NEWS

The Fall Of King Hlaudi Motsoeneng And The Rebirth Of The SABC

Parliament today begins shortlisting candidates to serve on the new permanent SABC board --- meanwhile Hlaudi Motsoeneng didn't pitch at court over dismissals.

15/08/2017 13:37 SAST | Updated 15/08/2017 14:02 SAST
Corbis via Getty Images
An SABC Satellite truck beaming back Television signals from the Moses Mabhida Stadium in Durban, South Africa, one of the host stadiums for the 2010 FIFA World Cup. (Photo by AMA/Corbis via Getty Images)

Analysis

Former SABC COO Hlaudi Motsoeneng failed to pitch at the Labour Court on Tuesday, where he was expected to explain why he and former News Group Executive Simon Tebele should not be held personally liable for the legal costs in the 'SABC-8' case.

Eight journalists last year were dismissed from the SABC after speaking out against the broadcaster's policy to not show violent protests. The journalists, including the late Suna Venter, were subsequently rehired by the SABC after the court rejected their dismissal.

Read: SABC-8 Journalist Suna Venter Dead At 32

Meanwhile, shortlisting of 363 candidates to serve on the new permanent SABC board commenced in Parliament amid efforts to effect a turnaround in governance at the cash-strapped public broadcaster.

Parliament's communications portfolio committee officially dissolved the SABC board in March following protracted financial and organisational battles. The ad hoc committee looking into the fitness of the SABC board said it was dysfunctional and inquorate, noting that it had four boards and three chief executive officers in three years.

'Appointment of new board should be transparent'
The CVs of shortlisted candidates for the new SABC board should be published on Parliament's website to facilitate public and civil society engagement, the Democratic Alliance said on Monday.

"The DA encourages South African citizens to participate in this process, and join as Parliament embark on finding the best possible candidates for the permanent board of the public broadcaster," the party said.

"We intend on carefully considering each application to ensure that the best candidates are selected to continue the work of steering the SABC from the red to the black."

The main opposition party in Parliament said allowing the public to comment on each shortlisted candidate would be crucial in ensuring that "an SABC riddled with corruption, financial mismanagement and partisanship never happens again".

Hlaudi Motsoeneng and the SABC's long decline

Motsoeneng's lengthy, albeit intermittent, involvement at the SABC since the 1990s has been marred by successive scandals. His tenure as chief operating officer, in particular, was first soured when former public protector Thuli Madonsela in February 2014 found that he had lied about passing matric, abused his position to give himself three salary increases in a single year, and had "cleansed" the SABC of senior staff.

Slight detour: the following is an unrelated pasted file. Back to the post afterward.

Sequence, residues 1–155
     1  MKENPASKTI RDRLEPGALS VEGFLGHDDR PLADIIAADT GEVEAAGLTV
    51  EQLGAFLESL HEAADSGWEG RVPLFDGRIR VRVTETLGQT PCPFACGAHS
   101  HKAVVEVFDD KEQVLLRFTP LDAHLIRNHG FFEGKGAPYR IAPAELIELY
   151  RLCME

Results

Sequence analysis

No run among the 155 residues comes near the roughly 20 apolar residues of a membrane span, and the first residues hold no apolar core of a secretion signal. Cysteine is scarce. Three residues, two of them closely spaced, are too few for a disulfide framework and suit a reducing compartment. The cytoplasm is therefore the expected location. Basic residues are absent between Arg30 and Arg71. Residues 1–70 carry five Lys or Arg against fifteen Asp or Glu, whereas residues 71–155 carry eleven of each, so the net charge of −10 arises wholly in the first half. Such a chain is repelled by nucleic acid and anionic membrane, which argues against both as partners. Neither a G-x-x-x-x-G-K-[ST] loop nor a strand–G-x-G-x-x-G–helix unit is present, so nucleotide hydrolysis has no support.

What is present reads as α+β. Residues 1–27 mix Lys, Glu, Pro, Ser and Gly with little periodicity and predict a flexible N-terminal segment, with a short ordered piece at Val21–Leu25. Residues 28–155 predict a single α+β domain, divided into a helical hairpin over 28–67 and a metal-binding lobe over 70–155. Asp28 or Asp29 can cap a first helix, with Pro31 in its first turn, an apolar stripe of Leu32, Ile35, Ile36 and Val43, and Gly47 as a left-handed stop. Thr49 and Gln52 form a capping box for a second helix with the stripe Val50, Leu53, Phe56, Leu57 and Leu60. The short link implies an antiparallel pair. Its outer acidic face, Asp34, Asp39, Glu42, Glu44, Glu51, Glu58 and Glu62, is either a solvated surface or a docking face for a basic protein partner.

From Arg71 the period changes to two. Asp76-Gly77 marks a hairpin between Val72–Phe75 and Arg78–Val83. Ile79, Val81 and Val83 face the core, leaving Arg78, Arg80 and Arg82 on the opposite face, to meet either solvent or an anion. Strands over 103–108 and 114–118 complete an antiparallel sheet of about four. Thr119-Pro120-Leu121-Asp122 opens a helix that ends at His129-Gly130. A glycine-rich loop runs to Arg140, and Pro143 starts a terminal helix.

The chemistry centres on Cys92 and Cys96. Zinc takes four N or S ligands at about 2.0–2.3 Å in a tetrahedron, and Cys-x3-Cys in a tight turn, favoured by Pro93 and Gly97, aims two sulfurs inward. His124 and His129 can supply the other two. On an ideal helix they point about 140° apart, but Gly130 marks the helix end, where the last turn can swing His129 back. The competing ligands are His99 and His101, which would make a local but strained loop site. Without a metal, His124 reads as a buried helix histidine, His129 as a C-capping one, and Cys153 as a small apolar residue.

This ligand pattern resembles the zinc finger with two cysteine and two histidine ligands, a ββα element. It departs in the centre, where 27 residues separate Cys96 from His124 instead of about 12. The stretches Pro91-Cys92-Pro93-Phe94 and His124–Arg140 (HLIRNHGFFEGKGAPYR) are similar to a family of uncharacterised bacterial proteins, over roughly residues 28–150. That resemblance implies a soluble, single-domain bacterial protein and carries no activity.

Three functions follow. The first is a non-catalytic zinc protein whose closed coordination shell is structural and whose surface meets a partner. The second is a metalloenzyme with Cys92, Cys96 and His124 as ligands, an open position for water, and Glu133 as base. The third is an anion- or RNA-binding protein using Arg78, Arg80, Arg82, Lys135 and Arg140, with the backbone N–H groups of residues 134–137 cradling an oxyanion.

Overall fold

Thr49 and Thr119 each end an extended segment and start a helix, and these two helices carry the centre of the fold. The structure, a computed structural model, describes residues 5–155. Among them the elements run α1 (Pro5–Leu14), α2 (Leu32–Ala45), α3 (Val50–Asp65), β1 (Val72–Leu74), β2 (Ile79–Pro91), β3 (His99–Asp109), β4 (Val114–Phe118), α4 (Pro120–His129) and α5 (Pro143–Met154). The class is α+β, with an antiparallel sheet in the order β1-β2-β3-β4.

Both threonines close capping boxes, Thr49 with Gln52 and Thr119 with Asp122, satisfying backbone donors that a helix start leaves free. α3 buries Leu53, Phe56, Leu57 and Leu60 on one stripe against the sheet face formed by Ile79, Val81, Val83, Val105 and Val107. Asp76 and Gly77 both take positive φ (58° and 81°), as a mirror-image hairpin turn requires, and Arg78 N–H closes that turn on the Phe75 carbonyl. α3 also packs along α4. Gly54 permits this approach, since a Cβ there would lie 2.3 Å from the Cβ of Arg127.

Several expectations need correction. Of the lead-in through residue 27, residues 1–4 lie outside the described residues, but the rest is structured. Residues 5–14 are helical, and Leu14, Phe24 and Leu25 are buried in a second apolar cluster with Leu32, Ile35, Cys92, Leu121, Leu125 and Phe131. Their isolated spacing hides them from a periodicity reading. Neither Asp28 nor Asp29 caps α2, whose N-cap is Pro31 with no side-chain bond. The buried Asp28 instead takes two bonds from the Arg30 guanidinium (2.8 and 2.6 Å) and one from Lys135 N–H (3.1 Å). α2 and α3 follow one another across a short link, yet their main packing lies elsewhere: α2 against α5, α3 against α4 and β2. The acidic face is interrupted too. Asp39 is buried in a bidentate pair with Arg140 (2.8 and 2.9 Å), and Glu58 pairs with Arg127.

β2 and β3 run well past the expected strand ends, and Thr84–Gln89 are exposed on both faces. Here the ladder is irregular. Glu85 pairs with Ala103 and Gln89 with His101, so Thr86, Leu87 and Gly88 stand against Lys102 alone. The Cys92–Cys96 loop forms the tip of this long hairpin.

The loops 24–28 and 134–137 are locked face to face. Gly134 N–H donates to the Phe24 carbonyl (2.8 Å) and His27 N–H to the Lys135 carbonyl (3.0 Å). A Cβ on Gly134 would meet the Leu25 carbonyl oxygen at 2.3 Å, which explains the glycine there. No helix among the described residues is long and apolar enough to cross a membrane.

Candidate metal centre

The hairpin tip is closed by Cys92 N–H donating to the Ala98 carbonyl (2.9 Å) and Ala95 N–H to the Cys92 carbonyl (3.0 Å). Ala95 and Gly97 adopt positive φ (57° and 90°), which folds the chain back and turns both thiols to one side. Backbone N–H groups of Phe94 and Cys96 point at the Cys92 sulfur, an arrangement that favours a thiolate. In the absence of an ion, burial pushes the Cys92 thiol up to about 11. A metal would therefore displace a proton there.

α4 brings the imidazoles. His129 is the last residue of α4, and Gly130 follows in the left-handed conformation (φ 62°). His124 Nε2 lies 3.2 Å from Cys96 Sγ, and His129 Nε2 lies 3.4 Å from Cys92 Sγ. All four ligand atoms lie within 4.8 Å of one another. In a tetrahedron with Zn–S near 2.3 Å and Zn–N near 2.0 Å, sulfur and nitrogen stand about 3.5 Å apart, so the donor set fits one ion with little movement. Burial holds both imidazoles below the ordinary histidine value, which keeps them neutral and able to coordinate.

In September last year, the Supreme Court of Appeal ruled that Motsoeneng did not have the right to appeal a ruling by Judge Dennis Davis the year before finding his appointment as COO was irrational and illegal.

By June 2017, new communications minister Ayanda Dlodlo said the disciplinary process resulting in Motsoeneng's axing from the SABC had been fair and was upbeat that his dismissal meant "that is an era that is behind us", according to Business Day.

The SABC's interim board in August filed an urgent application to interdict and restrain the SABC pension fund from paying out Motsoeneng's pension benefits. This followed an audit investigation into the SABC's finances revealing he received "an unlawful/unathorised" payment of approximately R11.5-million.

In the interim, the SABC is reported to have lost R509-million in the fourth quarter of the 2016/7 year, approximately four times its budgeted loss of R137 million, Business Day reported in June. Motsoeneg's signature 90% local content quotas was cited as one of several reasons for deepening financial collapse at the broadcaster.

Tasked with initiating a turnaround at the SABC, the new board may have a maximum of 12 non-executive members and needs at least nine, including a chairperson or deputy, to meet quorum. Once a final shortlist from the 363 applicants is produced by the committee, the National Assembly will vote on the new board who must then be approved by the president.

The board will serve for a maximum term of five years.